King Mosque
The Helveti Tekke was built in the XV century and was rebuilt by Ahmet Kurt Pasha in 1782. It has a wooden ceiling and interior decorated with Ottoman paintings of exceptional beauty.  The paintings feature geometric shapes, natural sceneries, mosques and vernacular houses. Small holes are spread through the walls to improve the acoustics in the hall. Inside the holes and within the walls are ceramic vessels used to this purpose. This technique was commonly used in the temples of the Helveti order of Sufi (a tradition of Muslim mystics).
Helveti Tekke
The Dervish Chambers are the rooms were the Dervishes (priests of the Sufi sect) were accommodated. On the first floor are the stables that were used for the animals and on the second floor are the rooms which house today the Regional Directorate of National Culture. The rooms are small with characteristic chimneys and windows.

Guided Tours Berat
My name is Marius Qytyku and I am a local guide in the city of Berat. I offer guided tours to tourists and people that are interested. The most common tour I offer includes a tour of the castle of Berat (the old city), visits to the Ethnographic Museum and Onufri Iconographic Museum, a walk in the other two historical quarters of Mangalem and Gorica, and a visit to the Medieval Centre. I have plenty of information regarding what we are going to see. My customers have also the chance to see inside monuments such as Byzantine and Medieval Churches and Mosques which are otherwise are closed to the public.
I hope that at the end of the tour you will have an understanding of the past and present of Berat and Albania in general. I always like to drive tourists into the heart of the social conditions, culture and mentality of my country. Above all, this is the lofty mission of history: to have a better understanding of people and nations. I also take into consideration also special interests that tourists might have and want to explore in the city.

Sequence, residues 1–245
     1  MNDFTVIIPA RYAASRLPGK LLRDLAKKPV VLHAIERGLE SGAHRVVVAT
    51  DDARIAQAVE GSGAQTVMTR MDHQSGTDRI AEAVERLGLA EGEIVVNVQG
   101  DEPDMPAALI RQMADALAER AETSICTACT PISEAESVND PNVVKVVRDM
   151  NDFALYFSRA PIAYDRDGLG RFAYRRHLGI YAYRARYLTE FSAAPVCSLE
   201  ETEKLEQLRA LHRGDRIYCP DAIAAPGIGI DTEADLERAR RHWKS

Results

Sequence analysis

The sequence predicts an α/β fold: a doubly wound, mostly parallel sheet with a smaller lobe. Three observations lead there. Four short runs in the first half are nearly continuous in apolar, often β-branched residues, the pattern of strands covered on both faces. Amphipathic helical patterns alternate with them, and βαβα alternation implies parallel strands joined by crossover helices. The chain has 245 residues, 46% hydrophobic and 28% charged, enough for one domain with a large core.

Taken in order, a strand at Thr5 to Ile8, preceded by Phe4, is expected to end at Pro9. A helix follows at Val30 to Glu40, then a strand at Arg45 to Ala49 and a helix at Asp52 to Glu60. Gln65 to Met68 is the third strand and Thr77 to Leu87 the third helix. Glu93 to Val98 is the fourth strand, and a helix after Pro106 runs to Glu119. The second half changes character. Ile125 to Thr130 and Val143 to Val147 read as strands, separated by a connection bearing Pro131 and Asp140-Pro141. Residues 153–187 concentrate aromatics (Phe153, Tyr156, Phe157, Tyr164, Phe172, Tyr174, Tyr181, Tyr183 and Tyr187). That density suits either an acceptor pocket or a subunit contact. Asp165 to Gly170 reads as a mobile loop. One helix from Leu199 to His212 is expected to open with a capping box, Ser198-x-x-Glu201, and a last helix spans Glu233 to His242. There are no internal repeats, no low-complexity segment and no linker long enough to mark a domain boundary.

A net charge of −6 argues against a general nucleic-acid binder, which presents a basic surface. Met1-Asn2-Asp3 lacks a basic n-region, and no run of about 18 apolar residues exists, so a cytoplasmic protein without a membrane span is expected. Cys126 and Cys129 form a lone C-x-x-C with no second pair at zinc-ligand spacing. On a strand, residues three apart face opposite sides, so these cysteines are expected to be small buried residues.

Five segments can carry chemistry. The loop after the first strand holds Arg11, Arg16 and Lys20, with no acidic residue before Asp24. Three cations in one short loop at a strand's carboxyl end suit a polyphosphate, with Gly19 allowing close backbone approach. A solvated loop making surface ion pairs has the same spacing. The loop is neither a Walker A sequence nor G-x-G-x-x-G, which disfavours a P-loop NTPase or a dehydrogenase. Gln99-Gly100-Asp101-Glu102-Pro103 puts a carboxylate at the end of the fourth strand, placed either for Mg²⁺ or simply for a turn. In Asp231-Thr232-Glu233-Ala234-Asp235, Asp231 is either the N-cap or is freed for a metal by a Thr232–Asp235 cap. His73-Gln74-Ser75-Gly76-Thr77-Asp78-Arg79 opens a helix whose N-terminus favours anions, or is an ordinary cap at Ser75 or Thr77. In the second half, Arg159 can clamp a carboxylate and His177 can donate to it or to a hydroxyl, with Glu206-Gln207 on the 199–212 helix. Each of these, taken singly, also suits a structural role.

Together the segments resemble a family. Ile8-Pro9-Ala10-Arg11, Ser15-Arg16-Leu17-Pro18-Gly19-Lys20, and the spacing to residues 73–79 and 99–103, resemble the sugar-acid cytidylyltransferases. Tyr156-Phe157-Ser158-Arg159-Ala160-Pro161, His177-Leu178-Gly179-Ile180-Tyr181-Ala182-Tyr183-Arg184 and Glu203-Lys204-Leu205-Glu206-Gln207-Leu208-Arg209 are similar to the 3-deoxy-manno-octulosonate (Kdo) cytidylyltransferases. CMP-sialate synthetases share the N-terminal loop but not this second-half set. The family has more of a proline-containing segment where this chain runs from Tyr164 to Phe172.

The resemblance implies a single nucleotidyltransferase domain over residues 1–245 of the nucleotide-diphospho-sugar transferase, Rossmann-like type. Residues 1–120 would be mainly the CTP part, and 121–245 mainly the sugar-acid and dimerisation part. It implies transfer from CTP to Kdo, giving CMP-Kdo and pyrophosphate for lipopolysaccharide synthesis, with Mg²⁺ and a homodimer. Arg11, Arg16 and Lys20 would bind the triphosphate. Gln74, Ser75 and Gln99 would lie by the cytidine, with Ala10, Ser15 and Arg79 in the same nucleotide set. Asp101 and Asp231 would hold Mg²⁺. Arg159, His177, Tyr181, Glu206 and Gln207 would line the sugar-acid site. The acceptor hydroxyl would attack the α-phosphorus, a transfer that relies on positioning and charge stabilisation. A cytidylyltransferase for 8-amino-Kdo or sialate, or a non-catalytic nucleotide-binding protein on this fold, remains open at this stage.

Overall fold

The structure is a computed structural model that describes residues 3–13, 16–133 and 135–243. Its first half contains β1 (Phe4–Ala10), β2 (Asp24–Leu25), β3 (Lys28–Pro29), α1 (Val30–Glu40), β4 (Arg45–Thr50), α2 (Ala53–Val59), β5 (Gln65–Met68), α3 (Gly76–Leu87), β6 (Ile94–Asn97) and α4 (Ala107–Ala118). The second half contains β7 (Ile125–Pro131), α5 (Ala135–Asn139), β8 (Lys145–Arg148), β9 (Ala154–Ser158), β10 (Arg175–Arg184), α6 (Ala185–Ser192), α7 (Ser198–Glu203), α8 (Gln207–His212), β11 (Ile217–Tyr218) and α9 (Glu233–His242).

A tour might last from 2.30 to 3 hours. Price 20 €
mail: mqytyku@yahoo.com                  tel: +355 69 37 71 773


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 About Us
 “Kris Guesthouse is housed in a typical castle house dating back from the ottoman empire. The first floor is made of stone and the second floor is made of light wood. The house belongs to the XVII-XVIII centuries. It is situated within a complex of Byzantine churches: Church of Saint Nicolas, Church of Saint Mary Blacherna and Church of Saint Constantine and Helen, the latest being only a few meters away from the house.
The guesthouse was started in 2005. It is an appropriate place for bed and breakfast tourism, as it is situated in the 24000 years old castle of Berat considered a living museum.
Special qualities are the quietness and the panorama.
LOCATION of Kris Guesthouse is in the Castle of Berat. Once you enter the main Castle gate, turn right and walk past the castle wall for about 70 meters. The guesthouse is at the open space where the bust of Constantine is. Look at the map for clearer instructions.
SERVICE The guesthouse has a playground for children. It has also a garden and a veranda from which is possible to see the sunset and surrounding churches. It has a Bar, Parking area, free Internet WI-FI, telephone, air conditioner. Breakfast is free and normally is cheese butter, jam, egg omelette, milk

24/7 Contact
+355 69 54 00 979